For the Love of Lemurs

Cycling for Sifakas

What the heck’s a lemur and, more importantly, what the hell is on that guy’s head?

We’re glad you asked. In fact, it’s the entire point.

Environmental scientist Ivan Steward hopes his unique cycling outfit (which actually isn’t much more outrageous than the neon-Lycra ones we typically see cyclists wearing) will inspire those questions, and some donations too.

Earlier this year Steward quit his day job to bike 1,500 miles around New Zealand’s south island—in lemur costume. The Auckland resident, who has been on the road for more than a month, dresses in an outfit resembling the white lemur he’s aiding with his journey, which is intended to raise awareness about the critically endangered silky sifaka whose population is estimated at only 250 members. Proceeds raised from Steward’s trip are being donated to Simpona, a nonprofit organization devoted to researching and protecting silky sifakas and their habitat.

So what is a lemur anyway?

The critter is a type of prosimian primate—some of the oldest on earth, predating monkeys and great apes—and wild only on the island of Madagascar off the coast of Africa. The word lemur means “ghost” in Latin, a moniker bestowed on the animals by the Malagasy people, who thought them similar to spirits or ghosts because of their nocturnal activity.

Due to their natural geographic confinement on Madagascar, significant habitat destruction, poaching and hunting for bush meat, nearly all species of lemur are listed as vulnerable by the International Union for Conservation of Nature. Which is why people like Stewart see the need to dress in strange costumes to raise awareness.

But you don’t need to make a spectacle of yourself to help. Instead, consider a trip to North Carolina. The Duke Lemur Center in Durham is home to more than 200 lemurs representing 15 different species. This 85-acre swath of forest shelters the largest population of lemurs outside their native habitat and is the world’s largest sanctuary for rare and endangered prosimian primates.

lemur at the Duke Lemur Center

Jail break at the Duke Lemur Center

“What gets me up in the morning is that I want my grandchildren to live in a world where there are lemurs,” a staffer remarked to us when we stopped by the Center. “It’s a real possibility that lemurs could cease to exist, and we want to do our part to see that doesn’t happen.”

The Center welcomes the public, seeking to spread the message about its conservation efforts as well as offer animal lovers an up-close look at its residents. Serious work is done here, but it’s also a fun, lively place. We saw a ring-tailed lemur lounging in a green plastic patio chair, watched black and white ruffed lemurs feasting on dishes of broccoli and Purina monkey chow, and observed the playful interaction of a mongoose lemur and her baby.

The Behind-the-Scenes Tour allows visitors to mingle with the lemurs in areas normally accessed only by staffers. “It’s a completely different experience to see an animal from two inches away as opposed to twenty feet. The subtleties that guests pick up on and the nuances completely change the paradigm, which is exactly what we’re striving to do,” said Keith Morris, our tour guide. From scientists to children who have seen the movie Madagascar and everyone in between, “there is something for everyone here.”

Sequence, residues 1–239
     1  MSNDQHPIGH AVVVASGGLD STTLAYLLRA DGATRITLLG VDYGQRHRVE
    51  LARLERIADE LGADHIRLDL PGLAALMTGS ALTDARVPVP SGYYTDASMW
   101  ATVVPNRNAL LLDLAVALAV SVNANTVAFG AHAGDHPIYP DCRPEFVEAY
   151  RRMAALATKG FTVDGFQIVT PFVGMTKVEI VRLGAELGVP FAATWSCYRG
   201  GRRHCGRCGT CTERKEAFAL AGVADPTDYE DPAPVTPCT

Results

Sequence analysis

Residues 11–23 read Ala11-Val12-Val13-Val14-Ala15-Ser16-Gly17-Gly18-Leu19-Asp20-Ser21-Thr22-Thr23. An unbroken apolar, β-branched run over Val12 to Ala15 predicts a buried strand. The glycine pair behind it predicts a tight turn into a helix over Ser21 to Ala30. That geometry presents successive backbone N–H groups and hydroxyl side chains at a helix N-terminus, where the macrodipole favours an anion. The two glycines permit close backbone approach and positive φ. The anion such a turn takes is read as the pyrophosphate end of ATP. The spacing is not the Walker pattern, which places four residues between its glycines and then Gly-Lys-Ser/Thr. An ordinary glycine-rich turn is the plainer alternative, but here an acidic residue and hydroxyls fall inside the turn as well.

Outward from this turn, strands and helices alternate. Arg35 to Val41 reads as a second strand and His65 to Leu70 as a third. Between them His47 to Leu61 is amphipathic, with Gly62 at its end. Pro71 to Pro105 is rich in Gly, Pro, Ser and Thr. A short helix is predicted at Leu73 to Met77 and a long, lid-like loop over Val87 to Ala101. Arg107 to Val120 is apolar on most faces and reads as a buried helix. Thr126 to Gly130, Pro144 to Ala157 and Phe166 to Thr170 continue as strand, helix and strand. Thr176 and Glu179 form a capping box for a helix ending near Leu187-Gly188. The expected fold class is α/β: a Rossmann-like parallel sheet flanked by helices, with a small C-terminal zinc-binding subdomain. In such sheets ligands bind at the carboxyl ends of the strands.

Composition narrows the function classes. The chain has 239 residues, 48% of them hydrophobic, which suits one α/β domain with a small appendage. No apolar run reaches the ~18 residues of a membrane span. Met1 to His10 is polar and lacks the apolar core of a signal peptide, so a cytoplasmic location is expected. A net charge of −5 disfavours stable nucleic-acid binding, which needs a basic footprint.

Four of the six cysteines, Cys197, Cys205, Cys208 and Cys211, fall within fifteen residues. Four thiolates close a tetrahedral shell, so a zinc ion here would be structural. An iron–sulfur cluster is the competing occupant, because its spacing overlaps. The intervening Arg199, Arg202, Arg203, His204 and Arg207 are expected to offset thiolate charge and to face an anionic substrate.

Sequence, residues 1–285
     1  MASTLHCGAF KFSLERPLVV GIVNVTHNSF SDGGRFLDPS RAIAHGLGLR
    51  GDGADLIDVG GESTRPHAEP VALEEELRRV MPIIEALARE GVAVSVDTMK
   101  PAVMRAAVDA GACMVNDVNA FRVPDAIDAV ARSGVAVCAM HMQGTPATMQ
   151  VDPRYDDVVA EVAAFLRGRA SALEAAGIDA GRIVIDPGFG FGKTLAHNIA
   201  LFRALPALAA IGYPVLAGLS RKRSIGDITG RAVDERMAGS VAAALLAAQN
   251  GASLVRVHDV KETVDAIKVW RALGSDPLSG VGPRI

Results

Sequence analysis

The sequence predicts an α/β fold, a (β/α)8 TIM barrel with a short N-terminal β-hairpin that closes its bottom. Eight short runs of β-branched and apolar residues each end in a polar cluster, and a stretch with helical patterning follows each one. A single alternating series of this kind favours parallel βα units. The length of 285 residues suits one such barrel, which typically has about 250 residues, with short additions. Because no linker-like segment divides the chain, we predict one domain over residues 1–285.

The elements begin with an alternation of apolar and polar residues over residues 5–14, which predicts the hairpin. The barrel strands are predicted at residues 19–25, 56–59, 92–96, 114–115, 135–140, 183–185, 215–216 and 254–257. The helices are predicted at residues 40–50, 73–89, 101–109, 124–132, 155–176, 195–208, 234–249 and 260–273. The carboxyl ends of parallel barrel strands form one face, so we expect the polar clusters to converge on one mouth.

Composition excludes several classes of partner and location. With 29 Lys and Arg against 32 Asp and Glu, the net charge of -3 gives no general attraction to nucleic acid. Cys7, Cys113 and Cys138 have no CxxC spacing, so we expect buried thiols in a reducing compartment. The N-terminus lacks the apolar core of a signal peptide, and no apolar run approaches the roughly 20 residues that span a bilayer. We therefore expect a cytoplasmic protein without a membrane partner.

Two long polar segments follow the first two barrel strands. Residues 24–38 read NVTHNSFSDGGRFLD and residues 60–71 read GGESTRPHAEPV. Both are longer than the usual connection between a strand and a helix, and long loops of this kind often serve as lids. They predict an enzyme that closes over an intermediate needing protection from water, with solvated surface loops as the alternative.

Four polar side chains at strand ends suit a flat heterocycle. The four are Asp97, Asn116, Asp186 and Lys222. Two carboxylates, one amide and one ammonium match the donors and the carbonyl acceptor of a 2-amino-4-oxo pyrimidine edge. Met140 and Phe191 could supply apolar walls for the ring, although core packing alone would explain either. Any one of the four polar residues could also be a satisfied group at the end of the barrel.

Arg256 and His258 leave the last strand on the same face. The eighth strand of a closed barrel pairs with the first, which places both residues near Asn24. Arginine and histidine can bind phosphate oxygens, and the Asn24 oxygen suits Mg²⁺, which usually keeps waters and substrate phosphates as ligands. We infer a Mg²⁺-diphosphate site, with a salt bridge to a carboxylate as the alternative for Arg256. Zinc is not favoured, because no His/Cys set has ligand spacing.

In addition to the Behind-the-Scenes Tour (November–April), the center offers a Walking with Lemurs excursion (May-October) that goes into the forest. Other options include a Photography Tour and a Painting with Lemurs experience. During the photography tour, visitors wield the equipment while in the painting one the lemurs do. It seems the aspiring Monets love to paint.

Tags: , ,

9 Comments on “For the Love of Lemurs”

  1. Touring NH August 2, 2013 at 8:56 am #

    I tried the link to check out the sanctuary but it didn’t work. Neat post. Lemurs are very cute. I didn’t realize how limited their habitat is.


  2. Duke Lemur Center (@DukeLemurCenter) August 2, 2013 at 10:04 am #

    Thanks so much for sharing your visit to the Center! I’m glad to see you had such a wonderful experience. Ivan is donating some of his proceeds to our conservation effort in the region of Madagascar where silky sifakas live, so thank you for promoting his bike ride also. I hope you find time in your travels to, maybe, see the lemurs twice!


    • Shannon August 2, 2013 at 4:46 pm #

      We’d love to see lemurs in Madagascar and hope to get there someday soon. And if we come through North Carolina again, we’ll be sure to stop by the Center for another visit. Perhaps a foray into the forest next time!


  3. cravesadventure August 2, 2013 at 11:56 am #

    Lover of Lemurs – Great Post:)


  4. Lexi August 5, 2013 at 7:56 pm #

    I love lemurs! There is a lemur habitat at one of the zoos here in Seoul and you get to walk right through it. You aren’t supposed to pet them, but I did and it was sooooooo soft ^^ Ah, such a happy memory ❤


  5. Jennifer Smith Nelson August 6, 2013 at 12:25 pm #

    They are so cute. I really want to spend some time in Madagascar!


    • Brian August 7, 2013 at 10:18 am #

      It’s high on our list too.


  6. backthewaywecame August 21, 2013 at 11:12 am #

    Brian and Sharon – I love your posts; they are so informative, interesting, and well written. Wonderful to see the world through your eyes.


Leave a Reply to Touring NH Cancel reply

Fill in your details below or click an icon to log in: Logo

You are commenting using your account. Log Out /  Change )

Facebook photo

You are commenting using your Facebook account. Log Out /  Change )

Connecting to %s

%d bloggers like this: